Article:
Childhood obesity in the United States is at 17%, triple the 5% it was in 1980. Furthermore, only 20% of young people eat the recommended servings of fruits and vegetables. Georgia, with 21.3% of children obese, is ranked the second worst state for childhood obesity, including Washington D.C. One third of children 10 to 17 in Georgia are overweight. This problem needs to be addressed immediately, because overweight adolescents have a 70% chance of becoming overweight or obese adults.
The ultimate responsibility lies within the hands of the parents. It is crucial that parents talk to their children about their weight and health instead of simply ignoring it. Children’s Healthcare of Atlanta provides several resources to help guide parents through this difficult subject. They suggest avoiding words like fat, chubby and big-boned. Instead, parents should focus on healthy habits, family participation, activities, simple goals and progress. Remember that weight loss is a result of healthy living habits, so the positive behavior needs to be emphasized instead of the problem of weight.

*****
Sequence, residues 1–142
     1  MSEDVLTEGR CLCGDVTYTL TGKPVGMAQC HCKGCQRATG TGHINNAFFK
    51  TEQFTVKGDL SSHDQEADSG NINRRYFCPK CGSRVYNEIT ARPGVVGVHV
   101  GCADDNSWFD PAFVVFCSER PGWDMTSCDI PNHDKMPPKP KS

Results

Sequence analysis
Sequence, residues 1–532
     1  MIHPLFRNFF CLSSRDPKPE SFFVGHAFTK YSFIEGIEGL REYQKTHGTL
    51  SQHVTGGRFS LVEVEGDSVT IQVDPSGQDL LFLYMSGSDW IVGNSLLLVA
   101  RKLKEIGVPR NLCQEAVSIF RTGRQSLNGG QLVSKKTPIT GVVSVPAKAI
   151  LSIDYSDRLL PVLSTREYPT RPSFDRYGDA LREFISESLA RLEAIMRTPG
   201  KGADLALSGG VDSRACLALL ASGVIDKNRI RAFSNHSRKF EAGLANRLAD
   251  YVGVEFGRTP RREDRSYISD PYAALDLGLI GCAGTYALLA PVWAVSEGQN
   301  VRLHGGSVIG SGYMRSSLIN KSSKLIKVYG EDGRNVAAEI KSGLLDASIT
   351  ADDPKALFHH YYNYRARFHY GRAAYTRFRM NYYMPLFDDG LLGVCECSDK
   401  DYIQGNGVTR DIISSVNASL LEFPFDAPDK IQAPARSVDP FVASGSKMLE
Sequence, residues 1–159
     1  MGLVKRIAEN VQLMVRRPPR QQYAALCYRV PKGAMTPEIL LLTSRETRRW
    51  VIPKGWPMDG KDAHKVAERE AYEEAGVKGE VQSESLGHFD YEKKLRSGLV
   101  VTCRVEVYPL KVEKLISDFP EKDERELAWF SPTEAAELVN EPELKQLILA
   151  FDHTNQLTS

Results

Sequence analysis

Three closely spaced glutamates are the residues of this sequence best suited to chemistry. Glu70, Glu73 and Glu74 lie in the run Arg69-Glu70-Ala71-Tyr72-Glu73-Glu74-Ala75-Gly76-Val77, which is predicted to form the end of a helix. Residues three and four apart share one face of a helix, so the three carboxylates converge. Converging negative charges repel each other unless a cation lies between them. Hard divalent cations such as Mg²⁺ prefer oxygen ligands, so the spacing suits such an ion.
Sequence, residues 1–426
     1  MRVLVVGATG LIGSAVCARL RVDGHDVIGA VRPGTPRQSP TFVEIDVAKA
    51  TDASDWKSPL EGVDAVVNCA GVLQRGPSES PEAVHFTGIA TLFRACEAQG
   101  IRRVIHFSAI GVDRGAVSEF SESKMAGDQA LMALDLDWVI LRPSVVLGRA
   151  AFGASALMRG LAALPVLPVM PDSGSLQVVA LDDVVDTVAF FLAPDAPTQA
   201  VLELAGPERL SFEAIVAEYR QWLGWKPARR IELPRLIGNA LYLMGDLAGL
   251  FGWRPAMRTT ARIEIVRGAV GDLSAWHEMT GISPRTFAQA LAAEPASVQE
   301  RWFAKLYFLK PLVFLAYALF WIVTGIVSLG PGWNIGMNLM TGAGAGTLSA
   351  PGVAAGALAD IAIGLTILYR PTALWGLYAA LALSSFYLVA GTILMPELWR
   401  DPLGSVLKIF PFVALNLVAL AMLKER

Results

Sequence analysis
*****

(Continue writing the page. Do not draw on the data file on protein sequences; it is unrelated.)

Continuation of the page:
Discussing health with children should not be reserved for kids with weight problems. Healthy children need to be given the resources to maintain a healthy life as they grow into independence. Additionally, parents have difficulty recognizing their children as overweight. Research by Children’s Healthcare of Atlanta found that two thirds of parents classified their overweight children as normal.
There are many health risks associated with childhood obesity, even problems that are normally attributed to older people. Nearly one in four teens between 12 and 19 has either diabetes or the precursor condition known as pre-diabetes, according to the CDC. High blood pressure and cholesterol can cause lasting organ damage, leading to possible heart attacks, strokes and other cardiovascular disease later in life. Additionally, research published in the journal Child Development found that obese students scored lower on math tests than their non-obese peers.
By simple lifestyle changes this growing obesity trend can be reversed. Since September is Childhood Obesity Awareness Month, take this opportunity to talk to your children. The younger you instill the value of a healthy lifestyle; the better off your children will be in the long run.
Children’s Healthcare of Atlanta: http://www.choa.org/